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Surgery. 2018 Sep;164(3):577-582. doi: 10.1016/j.surg.2018.04.037. Epub 2018 Jun 19.

Narrowing of the surgical resident operative experience: A 27-year analysis of national ACGME case logs.

Author information

1
Department of Surgery, University of Cincinnati, Cincinnati, OH. Electronic address: cortezar@ucmail.uc.edu.
2
University of Cincinnati College of Medicine, Cincinnati, OH.
3
Department of Surgery, University of Cincinnati, Cincinnati, OH.
4
Department of Surgery, Boston University School of Medicine, Boston, MA.
5
Center for Liver Disease and Transplantation, Columbia University Medical Center, New York, NY.

Abstract

BACKGROUND:

Although overall operative volume has remained stable since the implementation of duty hours, more detailed analyses suggest shifts in the resident operative experience. Understanding these differences allows educators to better appreciate the impact of the current training environment on resident preparation for practice.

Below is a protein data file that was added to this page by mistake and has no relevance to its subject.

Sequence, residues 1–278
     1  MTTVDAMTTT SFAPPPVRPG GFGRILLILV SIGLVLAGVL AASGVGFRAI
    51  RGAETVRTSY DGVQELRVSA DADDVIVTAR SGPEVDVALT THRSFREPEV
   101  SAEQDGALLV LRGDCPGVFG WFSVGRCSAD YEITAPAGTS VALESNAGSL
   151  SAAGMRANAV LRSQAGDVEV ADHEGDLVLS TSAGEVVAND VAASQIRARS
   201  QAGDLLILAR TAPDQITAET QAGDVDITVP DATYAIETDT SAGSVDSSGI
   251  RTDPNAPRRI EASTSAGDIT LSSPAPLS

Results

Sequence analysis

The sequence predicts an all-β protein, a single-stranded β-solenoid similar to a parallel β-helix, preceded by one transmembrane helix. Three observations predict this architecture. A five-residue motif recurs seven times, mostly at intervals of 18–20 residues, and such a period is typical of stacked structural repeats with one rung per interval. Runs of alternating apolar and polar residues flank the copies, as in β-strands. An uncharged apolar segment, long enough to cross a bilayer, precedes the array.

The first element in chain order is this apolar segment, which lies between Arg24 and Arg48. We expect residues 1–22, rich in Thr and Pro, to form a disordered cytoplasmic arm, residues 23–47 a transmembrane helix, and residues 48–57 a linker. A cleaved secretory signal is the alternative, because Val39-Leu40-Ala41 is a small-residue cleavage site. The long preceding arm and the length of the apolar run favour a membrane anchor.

METHODS:

National Accreditation Council for Graduate Medical Education case logs from 1990 to 2016 were reviewed. Statistical analysis was performed using analysis of variance and linear regression analysis.

RESULTS:

Over the study period there was no change in total major cases. Subcategory analysis revealed an increase in skin and soft tissue, alimentary tract, abdomen, and endocrine with a concurrent decrease in breast, pediatrics, and trauma. During this time, residents completed fewer cases during their chief year, operated more during non-chief years, taught fewer operations, and assisted in minimal cases. Finally, a decrease in the variability of overall operative volume for total major cases was found as a result of 90th and 10th percentiles converging toward the median.

CONCLUSION:

Although total major cases logged by residents have remained stable, the operative experience of general surgery residents has narrowed significantly. Residents are operating earlier and performing fewer teaching and first assistant cases. Surgical educators must look beyond total case numbers and be aware of these changes to ensure all residents achieve technical competency on graduation.

PMID:
29929755
DOI:
10.1016/j.surg.2018.04.037
[Indexed for MEDLINE]

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